A world-first clinical trial delivered by the Royal College of Surgeons in Ireland, on behalf of Belfast-headquartered farming and food company Devenish, has proven that the regular consumption of naturally enriched omega-3 chicken and eggs is likely to reduce risk of heart attack, stroke, dementia and depression.
The results of the novel 6-month clinical trial were presented on a world stage at the American Heart Association Scientific Sessions Conference in Anaheim, California, on 14 November 2017.
The 161 subjects involved in the study consumed at least three portions of chicken and eggs per week, that were naturally enriched with omega-3 Polyunsaturated Fatty Acids (PUFA), the same nutrients found in oily fish.
The results from the clinical study saw an increase in omega-3-PUFA levels in blood and a positive shift in what is described as the ‘omega-3 Index’-a test that measures the amount of the omega-3 fatty acids, Docosahexaenoic Acid (DHA) and Eicosapentaenoic Acid (EPA) in red blood cell membranes, which reflects the levels in your heart and other tissues.
A low omega-3 Index (<4%) indicates a heightened risk of heart and brain disease. The study showed that consuming omega-3 enriched chicken and eggs resulted in a halving of the number of subjects with such a high-risk omega-3 Index.
The chicken meat and eggs used in the study came from birds offered OmegaPro, a sustainable and algae-based source of omega-3 PUFA, developed by Devenish.
The findings were presented by Professor Alice Stanton of The Royal College of Surgeons in Ireland:
“Greater consumption of oily fish has long been linked to a reduced incidence of heart attack, stroke, diabetes and cancer and improved brain health, vision, muscle and joint health,” said Professor Alice Stanton.
“International guidelines recommend eating oily fish at least once per week, however, many people do not eat fish at all and less than 20% of the world’s population have optimal omega-3 PUFA levels.
“Therefore, in this project we studied the recently developed alternatives to oily fish or supplementation, namely chicken meat and eggs, naturally enriched with sustainable algae-based omega-3 PUFA.
“Omega-3 enriched chicken and eggs offer consumers an attractive alternative to eating oily fish or to the lifelong taking of supplements, with the potential for substantial health benefits,” Professor Stanton said:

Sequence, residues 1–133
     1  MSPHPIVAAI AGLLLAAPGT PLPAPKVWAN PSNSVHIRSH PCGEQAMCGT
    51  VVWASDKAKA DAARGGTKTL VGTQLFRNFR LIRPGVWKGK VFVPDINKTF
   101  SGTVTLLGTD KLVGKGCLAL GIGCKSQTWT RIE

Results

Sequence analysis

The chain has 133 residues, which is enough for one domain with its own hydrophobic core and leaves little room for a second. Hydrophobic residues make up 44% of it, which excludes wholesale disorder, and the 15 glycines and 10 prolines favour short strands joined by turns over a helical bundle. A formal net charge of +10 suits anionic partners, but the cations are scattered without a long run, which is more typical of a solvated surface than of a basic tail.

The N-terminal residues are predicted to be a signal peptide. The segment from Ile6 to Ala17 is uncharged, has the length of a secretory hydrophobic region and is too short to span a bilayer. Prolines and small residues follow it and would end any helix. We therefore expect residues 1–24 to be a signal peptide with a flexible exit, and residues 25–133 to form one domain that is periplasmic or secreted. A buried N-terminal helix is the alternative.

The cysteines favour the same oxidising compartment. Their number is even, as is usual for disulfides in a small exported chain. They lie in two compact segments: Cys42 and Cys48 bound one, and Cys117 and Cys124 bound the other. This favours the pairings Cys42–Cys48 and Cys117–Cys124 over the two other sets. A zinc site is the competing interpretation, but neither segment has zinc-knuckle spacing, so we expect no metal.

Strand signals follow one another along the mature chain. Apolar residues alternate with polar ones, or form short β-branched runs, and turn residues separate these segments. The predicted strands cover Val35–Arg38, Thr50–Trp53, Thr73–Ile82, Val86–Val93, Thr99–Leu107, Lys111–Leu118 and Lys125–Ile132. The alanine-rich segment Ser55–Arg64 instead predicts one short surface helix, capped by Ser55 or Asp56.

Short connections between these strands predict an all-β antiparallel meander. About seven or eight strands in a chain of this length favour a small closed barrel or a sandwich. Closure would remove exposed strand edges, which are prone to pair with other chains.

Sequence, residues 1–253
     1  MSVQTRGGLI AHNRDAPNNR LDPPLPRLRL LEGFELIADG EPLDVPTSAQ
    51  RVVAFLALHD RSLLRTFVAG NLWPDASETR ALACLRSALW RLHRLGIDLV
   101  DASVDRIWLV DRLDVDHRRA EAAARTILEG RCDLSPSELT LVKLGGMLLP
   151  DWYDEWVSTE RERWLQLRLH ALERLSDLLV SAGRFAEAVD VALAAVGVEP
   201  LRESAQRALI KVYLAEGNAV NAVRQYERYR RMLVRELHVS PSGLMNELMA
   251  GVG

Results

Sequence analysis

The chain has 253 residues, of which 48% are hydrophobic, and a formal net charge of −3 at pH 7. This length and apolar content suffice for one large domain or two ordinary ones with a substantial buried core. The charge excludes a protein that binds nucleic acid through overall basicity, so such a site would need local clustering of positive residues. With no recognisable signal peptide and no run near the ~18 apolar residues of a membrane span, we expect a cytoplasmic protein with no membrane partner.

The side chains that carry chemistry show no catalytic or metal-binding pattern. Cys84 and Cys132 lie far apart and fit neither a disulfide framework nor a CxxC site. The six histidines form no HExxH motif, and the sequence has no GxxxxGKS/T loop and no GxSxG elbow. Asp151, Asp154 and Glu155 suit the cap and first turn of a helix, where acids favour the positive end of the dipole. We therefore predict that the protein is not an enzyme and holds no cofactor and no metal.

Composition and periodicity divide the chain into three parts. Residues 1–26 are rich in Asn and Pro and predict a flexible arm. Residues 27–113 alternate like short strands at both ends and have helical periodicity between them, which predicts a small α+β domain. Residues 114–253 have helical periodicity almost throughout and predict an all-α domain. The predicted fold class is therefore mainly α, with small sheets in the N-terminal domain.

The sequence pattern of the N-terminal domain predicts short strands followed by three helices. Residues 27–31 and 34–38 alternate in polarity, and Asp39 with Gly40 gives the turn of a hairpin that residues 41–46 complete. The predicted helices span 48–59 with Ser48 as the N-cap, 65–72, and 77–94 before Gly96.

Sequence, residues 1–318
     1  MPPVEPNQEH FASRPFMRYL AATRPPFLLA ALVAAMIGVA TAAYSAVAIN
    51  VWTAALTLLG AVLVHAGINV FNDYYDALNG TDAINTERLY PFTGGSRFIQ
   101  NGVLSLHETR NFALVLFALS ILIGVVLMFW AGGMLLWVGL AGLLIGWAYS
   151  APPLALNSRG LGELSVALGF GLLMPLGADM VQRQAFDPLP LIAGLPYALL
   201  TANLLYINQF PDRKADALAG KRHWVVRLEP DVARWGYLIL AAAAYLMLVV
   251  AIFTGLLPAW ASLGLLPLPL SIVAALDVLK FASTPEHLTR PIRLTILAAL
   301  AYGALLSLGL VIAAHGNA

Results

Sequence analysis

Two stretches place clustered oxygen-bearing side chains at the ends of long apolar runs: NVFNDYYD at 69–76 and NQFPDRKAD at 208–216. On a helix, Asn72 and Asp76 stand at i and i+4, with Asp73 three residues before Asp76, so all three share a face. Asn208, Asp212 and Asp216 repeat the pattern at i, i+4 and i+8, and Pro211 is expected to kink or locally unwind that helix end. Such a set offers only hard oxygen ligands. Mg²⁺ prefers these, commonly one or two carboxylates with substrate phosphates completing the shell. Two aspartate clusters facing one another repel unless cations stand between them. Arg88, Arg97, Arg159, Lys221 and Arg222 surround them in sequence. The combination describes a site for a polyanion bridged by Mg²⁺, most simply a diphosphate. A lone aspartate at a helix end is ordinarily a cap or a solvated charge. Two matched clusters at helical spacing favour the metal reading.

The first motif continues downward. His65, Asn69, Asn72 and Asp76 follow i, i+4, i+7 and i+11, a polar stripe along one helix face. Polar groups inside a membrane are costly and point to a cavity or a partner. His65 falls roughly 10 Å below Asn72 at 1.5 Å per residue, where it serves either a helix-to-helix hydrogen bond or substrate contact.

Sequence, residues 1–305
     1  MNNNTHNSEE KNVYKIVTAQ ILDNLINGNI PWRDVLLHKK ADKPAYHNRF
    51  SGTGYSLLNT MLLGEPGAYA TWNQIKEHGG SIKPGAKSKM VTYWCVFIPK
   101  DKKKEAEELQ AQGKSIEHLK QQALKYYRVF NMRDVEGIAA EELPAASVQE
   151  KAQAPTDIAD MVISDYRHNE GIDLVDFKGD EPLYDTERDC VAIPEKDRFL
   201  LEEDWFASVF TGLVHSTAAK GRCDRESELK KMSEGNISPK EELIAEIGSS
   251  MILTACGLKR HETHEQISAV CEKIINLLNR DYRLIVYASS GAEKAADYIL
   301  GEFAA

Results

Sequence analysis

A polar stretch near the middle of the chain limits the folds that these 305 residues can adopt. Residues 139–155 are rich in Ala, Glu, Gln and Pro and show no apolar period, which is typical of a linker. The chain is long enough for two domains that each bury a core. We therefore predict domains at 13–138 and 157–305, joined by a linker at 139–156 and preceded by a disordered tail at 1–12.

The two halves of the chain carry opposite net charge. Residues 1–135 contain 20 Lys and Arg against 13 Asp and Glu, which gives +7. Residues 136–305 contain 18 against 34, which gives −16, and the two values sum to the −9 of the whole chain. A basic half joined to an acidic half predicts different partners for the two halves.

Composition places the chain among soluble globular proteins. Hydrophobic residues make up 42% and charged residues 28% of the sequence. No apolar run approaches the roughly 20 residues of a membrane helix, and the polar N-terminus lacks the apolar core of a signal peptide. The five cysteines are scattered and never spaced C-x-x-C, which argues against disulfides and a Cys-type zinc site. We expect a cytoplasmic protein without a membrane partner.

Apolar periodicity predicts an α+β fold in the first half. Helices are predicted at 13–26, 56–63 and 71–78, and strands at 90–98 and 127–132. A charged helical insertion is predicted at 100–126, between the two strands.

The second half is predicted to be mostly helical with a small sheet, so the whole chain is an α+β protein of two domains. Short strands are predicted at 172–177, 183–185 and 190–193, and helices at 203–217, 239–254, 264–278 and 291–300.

Dr. Heather Hayes, Director of Food Innovation with Devenish, said: “Offering birds a natural and sustainable source of omega-3 PUFA is good for the bird and good for the consumer. Taste panel studies have shown that the omega-3 enriched chicken meat tastes as good, if not better than conventional chicken.
“This science has demonstrated the importance of food nutrients to promote good health and prevent ill health. We are also focusing our research efforts on producing sustainable and nutrient rich pork, beef and milk, with scientifically proven health claims. Omega-3 is just one nutrient that we are interested in-we are working on others too.”
Owen Brennan, Executive Chairman, Devenish, added: “We worked closely with Moy Park, Waitrose and the Royal College of Surgeons in Ireland, to deliver an innovative, nutrient-rich food, that increases omega-3 levels in consumers, naturally. The science shows the importance of food nutrients to promote good health in consumers and the innovation starts on the farm.
“The farmer has a key role to play in delivering sustainable and nutritious food with a health claim. Devenish is working hard to increase the opportunity for consumers to benefit from this nutrient-rich food, as less than 20% of the world’s population is eating enough Omega-3.”
Dr. Patrick Wall, Professor of Public Health at University College Dublin, said:
“By enriching the birds’ diet, the meat and eggs become naturally enriched with omega-3 PUFA and the associated nutritional benefits are then passed on to consumers.
“Morbidity is unevenly distributed in society and poorer people experience poorer health. By including the omega-3 in chicken and eggs, both very affordable sources of quality protein, all segments of the population can benefit from this approach to using innovative animal nutrition to benefit human health.”
Professor Chris Elliott, Founder of the Institute for Global Food Security & Pro Vice Chancellor, Faculty of Medicine, Health & Life Sciences, Queens University Belfast said:
“The cost to the health service of treating cardiovascular related illness in the UK is £10billion/year. Having access to sustainably produced nutrient-rich food, with a scientifically proven health claim, offers huge potential to turn this around globally.”